Capital Budgeting: Financial Appraisal of Investment Projects

Capital Budgeting: Financial Appraisal of Investment Projects

Capital Budgeting: Financial Appraisal of Investment Projects

Capital Budgeting: Financial Appraisal of Investment Projects


This book for advanced students and professionals in management and finance explains the financial appraisal of capital budgeting projects. It develops basic concepts, principles and techniques and applies them to case studies in forestry, property and international investments. Resource constraints are introduced to the capital budgeting decisions with a variety of worked examples using linear programming techniques. All calculations are extensively supported by Excel workbooks on the Web, and end of chapter questions.


Financial management is largely concerned with financing, dividend and investment decisions of the firm with some overall goal in mind. Corporate finance theory has developed around a goal of maximizing the market value of the firm to its shareholders. This is also known as shareholder wealth maximization. Although various objectives or goals are possible in the field of finance, the most widely accepted objective for the firm is to maximize the value of the firm to its owners.

Financing decisions deal with the firm's optimal capital structure in terms of debt and equity. Dividend decisions relate to the form in which returns generated by the firm are passed on to equity-holders. Investment decisions deal with the way funds raised in financial markets are employed in productive activities to achieve the firm's overall goal; in other words, how much should be invested and what assets should be invested in. Throughout this book it is assumed that the objective of the investment or capital budgeting decision is to maximize the market value of the firm to its shareholders. The relationship between the firm's overall goal, financial management and capital budgeting is depicted in Figure 1.1. This self-explanatory chart helps the reader to easily visualize and retain a picture of the capital budgeting function within the broader perspective of corporate finance.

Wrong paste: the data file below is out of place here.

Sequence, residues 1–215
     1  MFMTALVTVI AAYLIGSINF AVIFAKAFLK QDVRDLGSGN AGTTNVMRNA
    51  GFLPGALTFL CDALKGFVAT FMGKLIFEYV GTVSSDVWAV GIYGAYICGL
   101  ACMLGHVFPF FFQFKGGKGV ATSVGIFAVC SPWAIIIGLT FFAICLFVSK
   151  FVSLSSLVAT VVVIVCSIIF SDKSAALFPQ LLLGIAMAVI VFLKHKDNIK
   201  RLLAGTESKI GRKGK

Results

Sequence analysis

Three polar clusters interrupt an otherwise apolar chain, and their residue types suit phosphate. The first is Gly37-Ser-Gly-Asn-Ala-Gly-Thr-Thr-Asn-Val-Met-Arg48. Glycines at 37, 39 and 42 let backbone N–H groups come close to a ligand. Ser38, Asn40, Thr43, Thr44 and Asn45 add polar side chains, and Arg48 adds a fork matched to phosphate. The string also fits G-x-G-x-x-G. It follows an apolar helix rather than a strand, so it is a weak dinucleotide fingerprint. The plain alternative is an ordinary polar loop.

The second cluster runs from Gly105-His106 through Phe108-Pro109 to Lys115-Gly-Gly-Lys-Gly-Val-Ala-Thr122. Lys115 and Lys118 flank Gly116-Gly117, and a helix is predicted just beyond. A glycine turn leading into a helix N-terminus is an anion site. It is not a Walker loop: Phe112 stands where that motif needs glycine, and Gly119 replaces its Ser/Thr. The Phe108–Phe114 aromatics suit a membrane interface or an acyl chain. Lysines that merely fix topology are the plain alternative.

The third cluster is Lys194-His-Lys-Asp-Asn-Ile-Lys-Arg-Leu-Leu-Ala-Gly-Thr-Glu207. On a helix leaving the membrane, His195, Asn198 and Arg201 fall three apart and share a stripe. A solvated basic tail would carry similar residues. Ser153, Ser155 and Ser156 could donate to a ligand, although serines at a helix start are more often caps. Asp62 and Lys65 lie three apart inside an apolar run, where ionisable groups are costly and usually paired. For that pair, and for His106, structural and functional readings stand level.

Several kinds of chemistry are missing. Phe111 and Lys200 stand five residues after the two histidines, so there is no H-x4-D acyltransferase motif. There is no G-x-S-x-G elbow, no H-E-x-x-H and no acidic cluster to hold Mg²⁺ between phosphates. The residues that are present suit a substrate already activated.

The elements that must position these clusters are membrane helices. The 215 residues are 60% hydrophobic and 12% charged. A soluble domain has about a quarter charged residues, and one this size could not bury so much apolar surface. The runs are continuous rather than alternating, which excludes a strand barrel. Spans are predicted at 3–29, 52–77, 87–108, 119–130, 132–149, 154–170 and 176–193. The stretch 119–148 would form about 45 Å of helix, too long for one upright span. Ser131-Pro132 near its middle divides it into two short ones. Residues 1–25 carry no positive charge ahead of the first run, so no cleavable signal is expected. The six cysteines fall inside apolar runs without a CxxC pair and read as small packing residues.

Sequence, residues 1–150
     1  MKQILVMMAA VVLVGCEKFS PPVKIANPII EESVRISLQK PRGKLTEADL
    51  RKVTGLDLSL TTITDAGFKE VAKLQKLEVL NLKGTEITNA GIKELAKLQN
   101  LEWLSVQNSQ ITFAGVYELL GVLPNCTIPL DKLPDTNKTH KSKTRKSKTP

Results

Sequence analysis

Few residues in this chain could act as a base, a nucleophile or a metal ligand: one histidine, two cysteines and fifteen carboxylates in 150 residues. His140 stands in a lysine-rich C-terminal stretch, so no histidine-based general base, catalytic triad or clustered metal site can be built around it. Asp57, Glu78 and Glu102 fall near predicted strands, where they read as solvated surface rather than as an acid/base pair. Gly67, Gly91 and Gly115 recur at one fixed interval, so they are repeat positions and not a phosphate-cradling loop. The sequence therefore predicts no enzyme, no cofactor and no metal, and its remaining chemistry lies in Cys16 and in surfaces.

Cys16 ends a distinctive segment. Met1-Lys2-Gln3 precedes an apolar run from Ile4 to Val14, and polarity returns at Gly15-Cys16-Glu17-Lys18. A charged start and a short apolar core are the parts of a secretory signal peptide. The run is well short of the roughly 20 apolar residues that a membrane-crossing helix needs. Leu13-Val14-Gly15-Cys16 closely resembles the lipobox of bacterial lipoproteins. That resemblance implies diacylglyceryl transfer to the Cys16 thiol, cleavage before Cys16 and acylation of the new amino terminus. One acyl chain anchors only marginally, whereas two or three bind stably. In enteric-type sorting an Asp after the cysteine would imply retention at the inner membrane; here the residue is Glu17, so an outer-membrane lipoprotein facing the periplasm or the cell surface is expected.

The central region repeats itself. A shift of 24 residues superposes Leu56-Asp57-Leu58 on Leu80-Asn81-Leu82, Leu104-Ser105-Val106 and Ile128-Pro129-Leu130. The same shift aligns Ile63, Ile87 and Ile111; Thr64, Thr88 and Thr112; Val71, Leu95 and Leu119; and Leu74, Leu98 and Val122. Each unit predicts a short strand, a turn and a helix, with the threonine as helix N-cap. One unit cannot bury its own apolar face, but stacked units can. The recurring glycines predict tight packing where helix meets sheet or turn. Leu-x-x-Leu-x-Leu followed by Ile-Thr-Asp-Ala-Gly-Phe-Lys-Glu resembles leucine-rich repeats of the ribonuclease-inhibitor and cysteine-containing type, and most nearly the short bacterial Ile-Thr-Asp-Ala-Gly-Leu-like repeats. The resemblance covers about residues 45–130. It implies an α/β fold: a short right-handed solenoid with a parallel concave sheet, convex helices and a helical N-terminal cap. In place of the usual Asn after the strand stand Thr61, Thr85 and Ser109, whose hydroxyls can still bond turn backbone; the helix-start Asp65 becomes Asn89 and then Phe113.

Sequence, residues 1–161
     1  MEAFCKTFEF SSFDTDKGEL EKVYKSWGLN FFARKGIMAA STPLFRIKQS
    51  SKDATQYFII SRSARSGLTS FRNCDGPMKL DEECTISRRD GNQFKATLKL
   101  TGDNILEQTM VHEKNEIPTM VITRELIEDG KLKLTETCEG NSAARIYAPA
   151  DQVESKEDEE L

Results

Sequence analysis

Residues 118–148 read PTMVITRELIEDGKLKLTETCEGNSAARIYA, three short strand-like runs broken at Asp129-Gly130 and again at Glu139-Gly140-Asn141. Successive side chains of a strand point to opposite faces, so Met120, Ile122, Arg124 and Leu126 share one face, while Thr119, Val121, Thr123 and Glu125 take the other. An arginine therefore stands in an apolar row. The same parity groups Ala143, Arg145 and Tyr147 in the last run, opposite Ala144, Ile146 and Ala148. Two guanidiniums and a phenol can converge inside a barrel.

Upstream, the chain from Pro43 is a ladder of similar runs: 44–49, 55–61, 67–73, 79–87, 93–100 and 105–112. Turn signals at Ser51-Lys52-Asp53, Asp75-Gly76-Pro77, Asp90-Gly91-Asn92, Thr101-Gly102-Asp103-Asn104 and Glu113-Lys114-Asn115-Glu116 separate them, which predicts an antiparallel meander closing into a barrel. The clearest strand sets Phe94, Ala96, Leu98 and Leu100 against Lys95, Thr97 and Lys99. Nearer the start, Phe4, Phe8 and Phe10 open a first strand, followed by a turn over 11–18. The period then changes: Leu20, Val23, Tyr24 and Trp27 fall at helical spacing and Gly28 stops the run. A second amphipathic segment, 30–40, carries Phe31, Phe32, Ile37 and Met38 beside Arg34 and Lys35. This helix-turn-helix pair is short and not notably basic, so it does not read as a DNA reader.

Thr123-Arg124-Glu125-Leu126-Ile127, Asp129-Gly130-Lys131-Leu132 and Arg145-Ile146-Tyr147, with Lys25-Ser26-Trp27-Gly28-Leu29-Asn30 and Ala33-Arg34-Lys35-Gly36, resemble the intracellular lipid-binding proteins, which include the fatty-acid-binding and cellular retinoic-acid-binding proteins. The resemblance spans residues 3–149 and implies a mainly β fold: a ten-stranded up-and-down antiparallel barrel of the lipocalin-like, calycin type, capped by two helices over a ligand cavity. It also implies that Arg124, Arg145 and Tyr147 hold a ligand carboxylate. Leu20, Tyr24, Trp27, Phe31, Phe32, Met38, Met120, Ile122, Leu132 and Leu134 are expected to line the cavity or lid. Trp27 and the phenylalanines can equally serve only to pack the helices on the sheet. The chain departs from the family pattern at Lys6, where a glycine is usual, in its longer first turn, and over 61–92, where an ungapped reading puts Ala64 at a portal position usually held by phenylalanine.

Funds are invested in both short-term and long-term assets. Capital budgeting is primarily concerned with sizable investments in long-term assets. These assets may be tangible items such as property, plant or equipment or intangible ones such as new technology, patents or trademarks. Investments in processes such as research, design, development and testing - through which new technology and new products are created - may also be viewed as investments in intangible assets.

Irrespective of whether the investments are in tangible or intangible assets, a capital investment project can be distinguished from recurrent expenditures by two features. One is that such projects are significantly large. The other is that they are generally long-lived projects with their benefits or cash flows spreading over many years.

Sizable, long-term investments in tangible or intangible assets have long-term consequences. An investment today will determine the firm's strategic position many years hence. These investments also have a considerable impact on the organization's future cash flows and the risk associated with those cash flows. Capital budgeting decisions thus have a longrange impact on the firm's performance and they are critical to the firm's success or failure.

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